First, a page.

In total, 8 out of 16 patients (50%) older than 3 years old were diagnosed with ASD. Patients with ASD had remarkably poor verbal and non-verbal communication abilities as well as impaired social interactions (see online supplementary table S1). Half of the patients (n=4/8) with severe ID, 1/5 with moderate ID and 2/2 with mild ID were diagnosed with ASD. Independent from a formal diagnosis of ASD, many of the patients exhibited stereotypies (n=10), temper tantrums, aggressiveness, self-injurious behaviour and/or restlessness (n=7).
Neurological examination, performed at a mean age of 8.9 years, was considered normal in two patients. Gait was clumsy or unsteady in five patients and ataxic in five others. Truncal hypotonia was reported in 10 patients and facial hypotonia in 4. Some patients had orthopaedic problems, such as pes planus and rotation of the hips.
Brain MRI performed in all 17 patients (mean age 5.4 years) was either normal or revealed nonspecific features (arachnoid cysts in two patients, mild myelination delay in one and signal abnormities in another).
Epilepsy was diagnosed in 16/17 patients (table 2). The only patient without epilepsy, who was aged 5 at the time of this study, had a single afebrile seizure at the age of 3.5 years. Excluding this patient, first seizures occurred at a mean age of 3 years (range 1–8 years) and consisted of drop attacks, massive myoclonic jerks, atonic seizures, myoclonic absences or absences. A diagnosis of myoclonic astatic epilepsy (MAE, ie, Doose syndrome) and epilepsy with myoclonic absences (EMAs) was made in three and one patients, respectively. The others were diagnosed with unclassified genetic generalised epilepsy (GGE). None had a diagnosis of Lennox–Gastaut syndrome (LGS).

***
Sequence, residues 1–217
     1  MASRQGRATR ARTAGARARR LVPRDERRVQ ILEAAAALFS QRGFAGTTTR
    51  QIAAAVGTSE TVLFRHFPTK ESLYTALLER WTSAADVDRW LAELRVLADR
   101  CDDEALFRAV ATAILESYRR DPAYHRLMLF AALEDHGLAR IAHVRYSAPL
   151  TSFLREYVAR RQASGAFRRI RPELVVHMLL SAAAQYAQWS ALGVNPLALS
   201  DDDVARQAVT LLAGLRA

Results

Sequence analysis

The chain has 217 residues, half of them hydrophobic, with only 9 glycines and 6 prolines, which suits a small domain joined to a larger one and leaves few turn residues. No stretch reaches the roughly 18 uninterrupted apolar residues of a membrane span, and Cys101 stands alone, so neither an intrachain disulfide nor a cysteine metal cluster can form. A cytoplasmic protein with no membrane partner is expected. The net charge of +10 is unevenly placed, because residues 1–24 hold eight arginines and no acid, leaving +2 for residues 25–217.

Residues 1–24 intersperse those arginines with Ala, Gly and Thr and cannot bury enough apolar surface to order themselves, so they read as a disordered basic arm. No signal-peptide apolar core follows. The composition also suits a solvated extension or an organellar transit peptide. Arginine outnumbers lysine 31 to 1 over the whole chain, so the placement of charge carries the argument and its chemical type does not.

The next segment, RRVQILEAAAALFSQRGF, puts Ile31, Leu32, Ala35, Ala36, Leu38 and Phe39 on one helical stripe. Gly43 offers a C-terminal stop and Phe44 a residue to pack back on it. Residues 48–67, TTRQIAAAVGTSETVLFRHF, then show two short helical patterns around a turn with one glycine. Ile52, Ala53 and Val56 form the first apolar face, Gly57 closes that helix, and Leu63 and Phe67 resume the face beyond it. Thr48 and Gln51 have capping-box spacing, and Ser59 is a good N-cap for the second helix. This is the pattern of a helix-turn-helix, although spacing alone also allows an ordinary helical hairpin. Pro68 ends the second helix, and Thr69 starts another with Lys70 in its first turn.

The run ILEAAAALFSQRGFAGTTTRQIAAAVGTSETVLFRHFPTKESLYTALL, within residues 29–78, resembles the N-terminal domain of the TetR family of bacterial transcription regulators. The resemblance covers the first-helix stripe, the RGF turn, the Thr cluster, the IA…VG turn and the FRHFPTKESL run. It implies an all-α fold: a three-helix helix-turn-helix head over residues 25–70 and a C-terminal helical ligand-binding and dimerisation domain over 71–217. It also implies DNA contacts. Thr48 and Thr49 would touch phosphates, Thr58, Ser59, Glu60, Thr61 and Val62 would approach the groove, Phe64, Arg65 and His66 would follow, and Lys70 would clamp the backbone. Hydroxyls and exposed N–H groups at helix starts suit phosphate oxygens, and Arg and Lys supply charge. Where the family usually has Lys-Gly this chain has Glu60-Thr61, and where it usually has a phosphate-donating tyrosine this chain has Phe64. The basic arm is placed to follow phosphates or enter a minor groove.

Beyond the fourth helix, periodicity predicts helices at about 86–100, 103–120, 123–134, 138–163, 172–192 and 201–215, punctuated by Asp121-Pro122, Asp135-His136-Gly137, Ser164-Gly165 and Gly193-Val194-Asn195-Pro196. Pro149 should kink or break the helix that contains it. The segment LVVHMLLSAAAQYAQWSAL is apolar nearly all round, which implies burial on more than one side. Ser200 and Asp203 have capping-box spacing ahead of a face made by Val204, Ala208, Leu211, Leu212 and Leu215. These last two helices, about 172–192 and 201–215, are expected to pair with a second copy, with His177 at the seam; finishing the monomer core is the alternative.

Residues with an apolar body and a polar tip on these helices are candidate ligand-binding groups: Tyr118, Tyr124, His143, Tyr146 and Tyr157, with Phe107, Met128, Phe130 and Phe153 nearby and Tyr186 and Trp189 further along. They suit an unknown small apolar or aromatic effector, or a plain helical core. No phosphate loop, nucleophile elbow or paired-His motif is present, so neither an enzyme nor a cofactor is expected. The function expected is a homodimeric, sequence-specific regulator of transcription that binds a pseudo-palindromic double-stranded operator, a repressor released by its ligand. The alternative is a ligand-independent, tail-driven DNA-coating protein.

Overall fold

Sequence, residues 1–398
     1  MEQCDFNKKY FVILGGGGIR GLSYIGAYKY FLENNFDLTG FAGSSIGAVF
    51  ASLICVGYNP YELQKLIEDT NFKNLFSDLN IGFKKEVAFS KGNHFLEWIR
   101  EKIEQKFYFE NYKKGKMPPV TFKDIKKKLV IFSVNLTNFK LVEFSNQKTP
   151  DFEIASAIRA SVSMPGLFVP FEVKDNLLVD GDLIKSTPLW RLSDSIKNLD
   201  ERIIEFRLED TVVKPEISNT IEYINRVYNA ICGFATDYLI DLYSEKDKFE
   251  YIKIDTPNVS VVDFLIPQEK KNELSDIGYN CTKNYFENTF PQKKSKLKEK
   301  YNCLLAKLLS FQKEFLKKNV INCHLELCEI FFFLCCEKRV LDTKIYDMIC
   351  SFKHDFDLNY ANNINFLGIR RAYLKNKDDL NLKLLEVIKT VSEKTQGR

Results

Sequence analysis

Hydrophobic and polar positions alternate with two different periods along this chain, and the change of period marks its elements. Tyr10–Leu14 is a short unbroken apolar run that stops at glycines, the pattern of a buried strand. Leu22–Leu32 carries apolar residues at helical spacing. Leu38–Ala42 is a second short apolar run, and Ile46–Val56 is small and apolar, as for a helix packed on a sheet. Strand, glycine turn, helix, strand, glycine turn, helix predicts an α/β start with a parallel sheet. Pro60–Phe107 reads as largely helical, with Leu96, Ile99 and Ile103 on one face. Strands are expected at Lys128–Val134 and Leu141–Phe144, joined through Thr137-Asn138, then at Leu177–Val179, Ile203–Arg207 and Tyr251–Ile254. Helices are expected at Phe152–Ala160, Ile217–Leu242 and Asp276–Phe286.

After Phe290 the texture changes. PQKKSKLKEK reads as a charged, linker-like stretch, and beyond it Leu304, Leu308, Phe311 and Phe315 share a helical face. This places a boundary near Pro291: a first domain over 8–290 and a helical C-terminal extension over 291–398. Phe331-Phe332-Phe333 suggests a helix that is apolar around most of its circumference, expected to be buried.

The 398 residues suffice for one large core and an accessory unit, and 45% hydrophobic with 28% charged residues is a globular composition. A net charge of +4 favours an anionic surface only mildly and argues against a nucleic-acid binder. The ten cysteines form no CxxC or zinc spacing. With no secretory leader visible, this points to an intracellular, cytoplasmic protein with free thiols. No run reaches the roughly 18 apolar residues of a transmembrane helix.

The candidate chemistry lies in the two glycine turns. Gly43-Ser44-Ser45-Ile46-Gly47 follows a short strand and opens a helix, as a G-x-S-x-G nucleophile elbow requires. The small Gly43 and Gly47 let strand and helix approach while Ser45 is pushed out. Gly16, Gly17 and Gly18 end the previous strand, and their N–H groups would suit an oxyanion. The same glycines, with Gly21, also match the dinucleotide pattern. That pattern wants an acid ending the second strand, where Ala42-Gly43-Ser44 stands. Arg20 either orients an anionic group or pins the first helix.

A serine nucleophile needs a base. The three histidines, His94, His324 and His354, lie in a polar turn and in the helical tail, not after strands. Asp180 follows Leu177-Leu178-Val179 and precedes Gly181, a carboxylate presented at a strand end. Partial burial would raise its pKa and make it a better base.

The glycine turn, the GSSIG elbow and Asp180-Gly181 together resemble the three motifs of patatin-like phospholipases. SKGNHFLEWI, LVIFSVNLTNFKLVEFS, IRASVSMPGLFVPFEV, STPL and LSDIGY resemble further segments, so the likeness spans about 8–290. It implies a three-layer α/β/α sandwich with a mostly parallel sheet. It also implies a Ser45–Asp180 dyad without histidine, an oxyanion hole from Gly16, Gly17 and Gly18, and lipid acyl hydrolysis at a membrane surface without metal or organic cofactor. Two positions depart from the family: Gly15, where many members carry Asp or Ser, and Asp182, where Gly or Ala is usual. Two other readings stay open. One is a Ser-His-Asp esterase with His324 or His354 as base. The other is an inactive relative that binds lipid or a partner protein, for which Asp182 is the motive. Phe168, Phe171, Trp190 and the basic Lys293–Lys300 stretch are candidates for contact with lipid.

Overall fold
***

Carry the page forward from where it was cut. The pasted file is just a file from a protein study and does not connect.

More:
The epilepsy responded to a single antiepileptic drug (AED), mostly sodium valproate, in seven patients and was pharmacoresistant in nine (list of AEDs is reported in table 2). During the active phases of epilepsy, seizures occurred daily in five patients, 10 times per day or more in two and 100 times daily or more in two others. Seizures were of short duration, and the most frequent seizure types were typical or atypical absences (n=9), massive myoclonic jerks with or without falls (n=7), eyelid myoclonia (n=3), clonic or tonic clonic seizures (n=3), myoclonic absences (n=3) and atonic seizures (n=2). Head drops or falls were relatively frequent (n=5) and reported as myoclonic astatic, atonic seizures or drop attacks. Eight patients had several seizure types. No patient had status epilepticus, and exacerbation by fever was mentioned in four. We found no correlations between the diagnosis of ASD and the age at epilepsy onset. The proportion of patients with ASD was identical among those with pharmacoresistant (n=5/10) and pharmacosensitive epilepsy (n=3/6).